Increased inventory restocking and improving industrial output helped the U.S. trucking industry halt and then reverse a steep decline in revenue last year as carriers eased away from a financial crisis that erased several years of expansion from their books.
The nation’s largest trucking companies still have a long way to go, however, as they struggle to recover from the recession. Last year’s progress is a benchmark those carriers will use as they try to rebuild revenue, pricing and profit in 2011, as increasingly tight domestic transportation capacity boosts their pricing power.
Combined revenue for the 50 largest U.S. motor carriers rose 9.4 percent to $85.4 billion in 2010, after shrinking 17.7 percent in 2009, according to The Journal of Commerce’s list of the Top 50 Trucking Companies, prepared by SJ Consulting Group. Truckload carriers outpaced other companies among the Top 50, growing 11.1 percent on average last year. Parcel and same-day carriers increased revenue an average of 9.3 percent, while less-than-truckload carriers grew 6.5 percent.
Commentary: Shifting Lanes.
It was the best performance by the companies on the list since 2004, when the carrier group increased its revenue 11.9 percent after the 2001-03 downturn. The Top 50 carriers reversed four years of slower growth or declining revenue in 2010. But that $85.4 billion in revenue was still 10 percent lower than the Top 50 list’s 2008 peak revenue of $94.9 billion, a sign trucking’s recovery is far from complete. The carriers recovered only 44 percent of a $16.8 billion shortfall in 2009.
In terms of total revenue, last year was the best year for the Top 50 carriers since 2006, when they posted a combined $85.3 billion in revenue. But the recession wiped out 30 percent of the group’s 51 percent expansion between 2003 and 2008.
The 9.4 percent gain in revenue for the Top 50 list closely tracks a 9.8 percent increase at the 25 largest LTL carriers reported last month by SJ Consulting Group, another indication a broad if still moderate economic recovery is under way, powered by stronger industrial production and consumer purchasing.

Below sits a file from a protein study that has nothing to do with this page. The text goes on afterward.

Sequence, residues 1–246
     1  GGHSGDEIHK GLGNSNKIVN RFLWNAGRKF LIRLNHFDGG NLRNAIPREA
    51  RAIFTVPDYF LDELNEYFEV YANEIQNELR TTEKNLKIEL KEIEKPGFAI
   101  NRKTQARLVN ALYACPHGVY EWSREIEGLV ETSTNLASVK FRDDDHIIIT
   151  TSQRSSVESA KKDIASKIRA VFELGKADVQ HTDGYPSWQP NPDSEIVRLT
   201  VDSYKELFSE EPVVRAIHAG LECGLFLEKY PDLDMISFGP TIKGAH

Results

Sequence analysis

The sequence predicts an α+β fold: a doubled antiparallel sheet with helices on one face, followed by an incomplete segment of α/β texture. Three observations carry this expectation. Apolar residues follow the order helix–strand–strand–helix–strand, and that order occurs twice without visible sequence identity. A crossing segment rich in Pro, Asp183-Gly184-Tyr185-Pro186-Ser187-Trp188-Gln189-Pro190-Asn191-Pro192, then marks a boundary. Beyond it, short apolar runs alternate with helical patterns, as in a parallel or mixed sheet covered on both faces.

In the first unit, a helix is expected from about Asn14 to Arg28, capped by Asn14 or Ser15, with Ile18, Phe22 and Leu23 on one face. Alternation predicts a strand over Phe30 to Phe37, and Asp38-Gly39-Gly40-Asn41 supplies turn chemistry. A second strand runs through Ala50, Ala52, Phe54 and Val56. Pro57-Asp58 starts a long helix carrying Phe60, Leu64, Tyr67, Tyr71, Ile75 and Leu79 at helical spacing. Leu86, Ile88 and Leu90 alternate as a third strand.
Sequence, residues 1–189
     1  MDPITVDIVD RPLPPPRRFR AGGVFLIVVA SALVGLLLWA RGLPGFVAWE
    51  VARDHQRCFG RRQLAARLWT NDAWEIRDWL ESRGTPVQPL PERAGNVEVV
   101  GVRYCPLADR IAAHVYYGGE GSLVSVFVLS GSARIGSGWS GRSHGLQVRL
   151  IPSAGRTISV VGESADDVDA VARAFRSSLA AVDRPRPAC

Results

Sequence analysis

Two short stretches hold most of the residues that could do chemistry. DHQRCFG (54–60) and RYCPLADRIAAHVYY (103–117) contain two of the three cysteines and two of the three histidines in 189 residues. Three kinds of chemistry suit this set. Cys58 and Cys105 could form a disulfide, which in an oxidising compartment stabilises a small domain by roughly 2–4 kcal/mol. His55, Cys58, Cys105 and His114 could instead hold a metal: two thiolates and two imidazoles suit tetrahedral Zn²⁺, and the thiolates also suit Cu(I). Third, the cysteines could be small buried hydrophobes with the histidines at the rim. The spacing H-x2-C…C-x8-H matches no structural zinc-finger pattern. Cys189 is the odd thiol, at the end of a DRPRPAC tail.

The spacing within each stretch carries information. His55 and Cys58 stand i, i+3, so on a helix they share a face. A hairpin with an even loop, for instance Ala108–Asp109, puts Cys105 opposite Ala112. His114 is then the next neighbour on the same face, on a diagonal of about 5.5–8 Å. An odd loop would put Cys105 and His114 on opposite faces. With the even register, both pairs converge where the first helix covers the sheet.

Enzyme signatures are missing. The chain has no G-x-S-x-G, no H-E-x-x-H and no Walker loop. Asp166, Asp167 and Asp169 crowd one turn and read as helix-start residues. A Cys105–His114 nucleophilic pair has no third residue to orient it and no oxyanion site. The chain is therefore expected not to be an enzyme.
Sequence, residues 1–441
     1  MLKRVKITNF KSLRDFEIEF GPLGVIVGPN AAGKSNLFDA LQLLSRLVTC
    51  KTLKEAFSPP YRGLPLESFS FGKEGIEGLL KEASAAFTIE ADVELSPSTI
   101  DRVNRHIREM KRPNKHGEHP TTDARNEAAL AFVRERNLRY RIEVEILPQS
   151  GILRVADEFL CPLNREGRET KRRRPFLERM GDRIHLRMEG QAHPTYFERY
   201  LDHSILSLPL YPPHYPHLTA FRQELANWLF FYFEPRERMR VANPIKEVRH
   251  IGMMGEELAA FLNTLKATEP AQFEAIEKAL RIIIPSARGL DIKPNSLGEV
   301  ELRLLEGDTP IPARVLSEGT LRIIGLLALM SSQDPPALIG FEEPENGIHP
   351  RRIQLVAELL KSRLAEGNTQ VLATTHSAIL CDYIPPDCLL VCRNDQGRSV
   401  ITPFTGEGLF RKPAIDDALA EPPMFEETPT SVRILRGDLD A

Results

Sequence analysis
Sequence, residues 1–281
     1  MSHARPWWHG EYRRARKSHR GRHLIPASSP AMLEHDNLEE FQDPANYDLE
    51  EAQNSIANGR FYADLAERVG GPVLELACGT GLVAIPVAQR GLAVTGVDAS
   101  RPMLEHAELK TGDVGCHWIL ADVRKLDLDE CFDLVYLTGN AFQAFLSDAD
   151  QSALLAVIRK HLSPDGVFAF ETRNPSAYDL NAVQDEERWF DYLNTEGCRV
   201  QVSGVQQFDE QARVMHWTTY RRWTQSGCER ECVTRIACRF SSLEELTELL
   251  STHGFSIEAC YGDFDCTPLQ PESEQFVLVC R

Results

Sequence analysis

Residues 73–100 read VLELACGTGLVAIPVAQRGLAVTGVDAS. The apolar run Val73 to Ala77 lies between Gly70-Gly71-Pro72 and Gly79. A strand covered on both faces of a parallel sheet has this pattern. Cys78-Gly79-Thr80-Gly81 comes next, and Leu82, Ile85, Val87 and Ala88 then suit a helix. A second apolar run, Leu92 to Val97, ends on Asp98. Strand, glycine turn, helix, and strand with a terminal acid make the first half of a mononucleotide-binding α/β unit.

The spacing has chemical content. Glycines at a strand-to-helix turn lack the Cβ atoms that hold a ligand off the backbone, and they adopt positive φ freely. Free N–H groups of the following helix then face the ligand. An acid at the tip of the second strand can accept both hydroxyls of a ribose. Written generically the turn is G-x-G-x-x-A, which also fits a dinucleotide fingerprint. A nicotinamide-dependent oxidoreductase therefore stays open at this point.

U.S. consumers increased spending for the eighth straight month in February, despite widespread winter storms in January and February. Manufacturing output increased almost 7 percent in 2010, according to the Federal Reserve Bank.
Trucking companies are eager for a more complete recovery in 2011, although they face obstacles such as higher fuel prices and a stubbornly high unemployment rate. The most recent Cass Freight Index showed shipments up 6.9 percent in March from February and 13.8 percent year-over-year, while freight spending by shippers rose 6.3 percent in March, on the heels of a 12.5 percent increase in February. Year-over-year, freight payments were up 33.6 percent in March, according to the index.
The Top 50 trucking companies are only a fraction of the more than 227,000 for-hire carriers registered with the Department of Transportation. Only 7 percent of U.S. motor carriers operate more than 20 trucks, according to the American Trucking Associations, and 88 percent operate six trucks or less.
But the Top 50 list represents a significant number of the largest U.S. motor carriers and the capacity accessed by the country’s largest shippers, making the list a bellwether for the fortunes of the trucking industry.
Those fortunes improved dramatically in 2010. Revenue at 42 carriers on the Top 50 list increased between 1.2 percent and 28.9 percent last year, and the average rate of revenue growth for those 42 carriers was 12.1 percent. Only eight carriers saw their revenue drop, falling 0.9 percent to 11 percent, or 4.3 percent on average.
That’s an impressive turnaround from 2009, when revenue fell at all but one of the Top 50 trucking companies between 3.5 percent and 42 percent.
In 2010, the Top 50 carriers ranged in revenue from UPS, with about $21.8 billion in freight and ground package revenue, to Central Transport, a 45-state LTL carrier with approximately $354 million in revenue, according to the SJ Consulting study.
The biggest trucking companies got bigger in 2010, with three additional companies crossing the billion-dollar revenue threshold for a total of 16 billion-dollar-plus carriers. Those carriers had combined revenue of $66.5 billion, 77.9 percent of the total revenue for the Top 50 list and a 14.1 percent increase from 2009.